Artist Isia Leviant came up with something called the "Enigma illusion," wherein the purple rings of an image like this seem to contain moving particles. Exploring how this illusion is created, neuroscientist Jorge Otero-Millan helped determine that tiny, involuntary jerks of the watcher’s eye create this false motion in the image. Otero-Millan than created the above homage to the idea: Look into the middle of the pupil to see it.
This is just one of the many fascinating instances where we humans see something that is not there. Instead, we see a false reality that we unconsciously create. I wish I’d reflected on this more fully before pulling the wool over my own eyes. Yes, I bought a human-powered treadmill.
I thought this machine would be superior to walking, hiking, jogging, or cycling. But it wasn’t until I got out on the road with it that I realized it doesn’t come equipped with the proper reflectors or lights. Braking is a problem, and signaling my turns by hand throws off my equilibrium. So why did I buy it? Why?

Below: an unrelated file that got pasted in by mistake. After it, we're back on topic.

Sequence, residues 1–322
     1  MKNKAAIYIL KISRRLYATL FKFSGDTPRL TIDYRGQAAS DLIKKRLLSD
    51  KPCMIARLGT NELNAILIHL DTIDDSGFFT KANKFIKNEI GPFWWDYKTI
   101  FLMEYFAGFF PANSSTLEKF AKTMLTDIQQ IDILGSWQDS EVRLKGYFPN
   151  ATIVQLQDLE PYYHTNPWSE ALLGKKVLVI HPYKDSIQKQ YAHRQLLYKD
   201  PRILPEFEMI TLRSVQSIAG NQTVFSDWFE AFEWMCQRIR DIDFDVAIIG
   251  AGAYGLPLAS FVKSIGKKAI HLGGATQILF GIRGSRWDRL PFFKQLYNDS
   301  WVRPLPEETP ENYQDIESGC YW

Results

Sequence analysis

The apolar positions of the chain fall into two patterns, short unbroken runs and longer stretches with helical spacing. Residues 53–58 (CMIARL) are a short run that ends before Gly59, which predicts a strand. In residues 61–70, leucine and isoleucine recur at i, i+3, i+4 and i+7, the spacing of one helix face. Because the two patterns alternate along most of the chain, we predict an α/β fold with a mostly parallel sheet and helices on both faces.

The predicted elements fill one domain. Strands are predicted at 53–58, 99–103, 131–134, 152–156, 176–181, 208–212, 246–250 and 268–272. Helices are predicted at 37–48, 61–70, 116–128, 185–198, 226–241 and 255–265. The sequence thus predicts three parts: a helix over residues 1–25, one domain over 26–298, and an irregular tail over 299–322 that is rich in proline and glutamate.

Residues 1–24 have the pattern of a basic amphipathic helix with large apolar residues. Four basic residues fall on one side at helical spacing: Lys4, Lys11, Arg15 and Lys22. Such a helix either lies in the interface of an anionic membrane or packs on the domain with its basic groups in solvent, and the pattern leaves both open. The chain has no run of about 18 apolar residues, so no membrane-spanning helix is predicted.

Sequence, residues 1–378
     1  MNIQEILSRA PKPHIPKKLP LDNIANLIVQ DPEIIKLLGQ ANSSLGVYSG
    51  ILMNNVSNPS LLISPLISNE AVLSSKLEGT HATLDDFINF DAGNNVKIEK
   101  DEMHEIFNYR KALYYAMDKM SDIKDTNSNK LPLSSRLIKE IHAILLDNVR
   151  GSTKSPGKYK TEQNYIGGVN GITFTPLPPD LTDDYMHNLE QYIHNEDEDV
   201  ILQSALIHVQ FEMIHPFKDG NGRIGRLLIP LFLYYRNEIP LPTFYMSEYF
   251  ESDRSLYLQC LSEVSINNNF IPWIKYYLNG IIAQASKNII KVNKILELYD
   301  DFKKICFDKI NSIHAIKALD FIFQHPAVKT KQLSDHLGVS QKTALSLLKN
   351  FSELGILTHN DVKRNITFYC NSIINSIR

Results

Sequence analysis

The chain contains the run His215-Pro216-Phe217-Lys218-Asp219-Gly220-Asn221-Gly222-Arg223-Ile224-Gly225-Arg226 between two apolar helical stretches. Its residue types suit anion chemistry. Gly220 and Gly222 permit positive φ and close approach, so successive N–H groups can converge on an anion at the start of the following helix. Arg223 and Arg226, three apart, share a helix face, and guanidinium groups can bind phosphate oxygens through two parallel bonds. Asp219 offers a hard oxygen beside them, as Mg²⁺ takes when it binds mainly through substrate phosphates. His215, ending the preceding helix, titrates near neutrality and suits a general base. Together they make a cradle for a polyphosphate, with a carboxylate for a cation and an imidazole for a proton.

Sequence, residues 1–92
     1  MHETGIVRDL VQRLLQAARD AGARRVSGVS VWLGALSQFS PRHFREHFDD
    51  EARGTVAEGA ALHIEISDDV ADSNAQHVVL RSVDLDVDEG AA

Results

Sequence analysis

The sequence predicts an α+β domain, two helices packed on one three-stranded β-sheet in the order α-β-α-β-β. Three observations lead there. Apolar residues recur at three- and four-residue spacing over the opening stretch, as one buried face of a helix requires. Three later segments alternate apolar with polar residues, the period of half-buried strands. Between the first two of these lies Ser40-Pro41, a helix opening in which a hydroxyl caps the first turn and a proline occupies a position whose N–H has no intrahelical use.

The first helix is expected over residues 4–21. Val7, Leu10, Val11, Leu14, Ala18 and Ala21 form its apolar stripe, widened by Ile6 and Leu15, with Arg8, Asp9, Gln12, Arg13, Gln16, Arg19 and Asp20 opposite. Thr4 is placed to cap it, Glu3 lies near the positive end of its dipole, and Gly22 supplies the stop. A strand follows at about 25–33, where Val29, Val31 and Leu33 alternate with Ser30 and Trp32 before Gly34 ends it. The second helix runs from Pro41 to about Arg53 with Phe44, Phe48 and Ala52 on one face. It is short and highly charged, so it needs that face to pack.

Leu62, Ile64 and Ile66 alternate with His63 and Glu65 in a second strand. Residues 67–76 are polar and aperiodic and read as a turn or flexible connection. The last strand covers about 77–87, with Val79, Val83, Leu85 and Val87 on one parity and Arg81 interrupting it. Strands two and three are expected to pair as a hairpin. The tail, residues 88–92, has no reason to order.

I blame the tiny, involuntary jerks in my eyes.
Here’s another illusion; both of the ones featured here come from a terrific slide show over at Scientific American. This one is a variation on what’s called the Hajime Ouchi illusion. Move your head back and forward while looking at it. But to get the full effect, paint this on the side of a building and then roll toward and away from it on your human-powered treadmill.
(You may also want to take a peek at Adelson's Checker-Shadow Illusion.)